LC: How did you become interested in this specific moment in history?
BBA: I first became interested in the transition period in Spain when I was looking into the past of my mother, who was adopted in 1964. We tried to find out what happened back then and why she was given up for adoption. Through various institutions we tried to trace her parents. Through a Dutch TV show and an institution specialized in finding your biological parents we discovered things, but still no real answers.
I noticed it was extremely hard to discover what happened, because a lot of documents were mysteriously missing or inaccessible. Since it was very difficult to find answers within my family or through adoption papers, I started to zoom out to look at the bigger picture. What was happening in Spain in that period of time? By recreating history, I was also looking at what had happened within my family’s own personal story. This is how I came to the story of the stolen children.
LC: Tell us more about the stolen children.
BBA: The story goes that many children had been ‘stolen’ at birth, eventually landing with families that were loyal to the regime of Dictator Francisco Franco. Doctors and nurses, and often also nuns, would tell mothers that their child had died at birth. Only a couple of years ago, people started to come forward in the media saying that they think they are one of the stolen children. However, a lot is difficult to prove because of the ‘Pacto del Olvido’—which translates to English as the ‘Pact of Forgetting’, the official political decision to avoid dealing with Francoism.
My mother was born in exactly that period of time. It was very hard to trace what exactly happened then and if she was part of this story. This, for me, was the beginning of the project. I realized it was a very complex and sensitive story and I felt I had to begin telling it—with the pact and all the gaps, insecurities and debate that came with it.
LC: Can you paint us a picture of the historical backdrop to this story?
BBA: After a violent period of time in which people suffer collectively, a country needs to decide how to move on and how to remember what has happened. Spain needed to come to terms with the past of the Civil war and the Francoist dictatorship in order to decide how to move on from a dictatorship to a democracy.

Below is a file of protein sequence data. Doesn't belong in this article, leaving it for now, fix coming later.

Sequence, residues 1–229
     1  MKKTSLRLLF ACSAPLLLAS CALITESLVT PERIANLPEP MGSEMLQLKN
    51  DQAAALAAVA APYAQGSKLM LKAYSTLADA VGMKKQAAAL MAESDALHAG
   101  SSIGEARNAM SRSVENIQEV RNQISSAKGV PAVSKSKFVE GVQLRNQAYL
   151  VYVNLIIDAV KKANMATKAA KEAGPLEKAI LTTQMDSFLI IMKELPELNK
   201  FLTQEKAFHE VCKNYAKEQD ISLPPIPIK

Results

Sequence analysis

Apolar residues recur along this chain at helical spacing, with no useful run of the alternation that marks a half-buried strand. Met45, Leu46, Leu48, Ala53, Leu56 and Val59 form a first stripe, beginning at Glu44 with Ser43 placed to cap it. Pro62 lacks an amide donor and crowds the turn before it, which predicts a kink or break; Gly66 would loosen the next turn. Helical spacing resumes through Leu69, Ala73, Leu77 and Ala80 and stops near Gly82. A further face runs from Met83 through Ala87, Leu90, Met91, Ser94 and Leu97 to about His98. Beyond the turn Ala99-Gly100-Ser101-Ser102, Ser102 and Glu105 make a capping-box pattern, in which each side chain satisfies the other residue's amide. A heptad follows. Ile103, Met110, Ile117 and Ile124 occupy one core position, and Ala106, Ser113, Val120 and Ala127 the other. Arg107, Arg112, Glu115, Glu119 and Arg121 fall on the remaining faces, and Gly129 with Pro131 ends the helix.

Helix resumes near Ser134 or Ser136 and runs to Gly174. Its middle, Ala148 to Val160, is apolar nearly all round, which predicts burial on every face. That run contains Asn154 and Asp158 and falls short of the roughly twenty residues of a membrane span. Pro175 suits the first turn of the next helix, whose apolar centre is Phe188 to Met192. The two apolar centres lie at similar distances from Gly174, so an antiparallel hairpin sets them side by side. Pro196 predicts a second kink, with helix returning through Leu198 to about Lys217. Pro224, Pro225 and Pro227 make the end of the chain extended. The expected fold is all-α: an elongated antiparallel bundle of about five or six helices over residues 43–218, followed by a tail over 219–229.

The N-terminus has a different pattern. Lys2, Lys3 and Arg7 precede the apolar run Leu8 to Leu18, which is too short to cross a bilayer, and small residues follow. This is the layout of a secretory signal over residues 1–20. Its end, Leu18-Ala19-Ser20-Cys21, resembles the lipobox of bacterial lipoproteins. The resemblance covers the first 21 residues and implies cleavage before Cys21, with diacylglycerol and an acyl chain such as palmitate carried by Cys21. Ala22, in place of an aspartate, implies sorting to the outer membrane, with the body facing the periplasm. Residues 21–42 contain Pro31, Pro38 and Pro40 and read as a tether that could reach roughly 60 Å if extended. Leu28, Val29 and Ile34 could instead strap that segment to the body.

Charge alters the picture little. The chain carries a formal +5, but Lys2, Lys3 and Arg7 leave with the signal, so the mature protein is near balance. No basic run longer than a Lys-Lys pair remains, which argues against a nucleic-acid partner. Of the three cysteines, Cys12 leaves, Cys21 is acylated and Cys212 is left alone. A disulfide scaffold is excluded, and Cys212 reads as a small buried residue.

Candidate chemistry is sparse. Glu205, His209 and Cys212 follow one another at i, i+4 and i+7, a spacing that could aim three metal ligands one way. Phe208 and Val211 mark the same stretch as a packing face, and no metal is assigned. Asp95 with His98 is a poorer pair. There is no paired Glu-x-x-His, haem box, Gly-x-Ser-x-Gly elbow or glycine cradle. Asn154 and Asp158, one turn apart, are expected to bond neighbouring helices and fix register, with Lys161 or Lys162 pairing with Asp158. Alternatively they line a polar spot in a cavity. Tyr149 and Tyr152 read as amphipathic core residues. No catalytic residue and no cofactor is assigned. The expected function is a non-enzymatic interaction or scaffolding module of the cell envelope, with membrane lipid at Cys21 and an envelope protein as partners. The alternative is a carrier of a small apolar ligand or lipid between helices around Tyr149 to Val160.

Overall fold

The solution: a policy of silence was imposed onto Spanish society by higher political parties. For many people back then, it seemed like the best way to move on. But 50 years later very little has changed and people have started to disagree with what had been decided back then. For example, nobody was prosecuted or held responsible which left of course a big mark. Because of this, victims sometimes still live in the same street as their abusers. And a lot of people are still missing loved ones or have no answers of what happened to them.
LC: In what ways does this past concretely manifest in the present?
BBA: In October 2019, Franco’s remains were moved from the Valley of the Fallen to a cemetery in Madrid. His body lay alongside tens of thousands of his own victims who had fallen on both sides of the Civil war and his regime. The Valley of the Fallen also became a site dedicated to the victory of Franco’s nationalist forces over their Republican opponents and many of Spain’s far right paid homage there, supporters gathering on the anniversary of his death.
The exhumation of Franco’s body in October 2019 was nationally broadcasted and was respectfully done. I was in Madrid in February and interviewed a lot of people about it. Many were angry that it was done with so much respect. It was good in their opinion that he had been moved, yet they did not wish to see it. I also went to the Valley of the Fallen and even though Franco’s remains were removed, on the spot where his body was laid to rest, they placed a different color of tiles. Even after he was gone you could still find this reminder. I saw supporters still laying flowers there.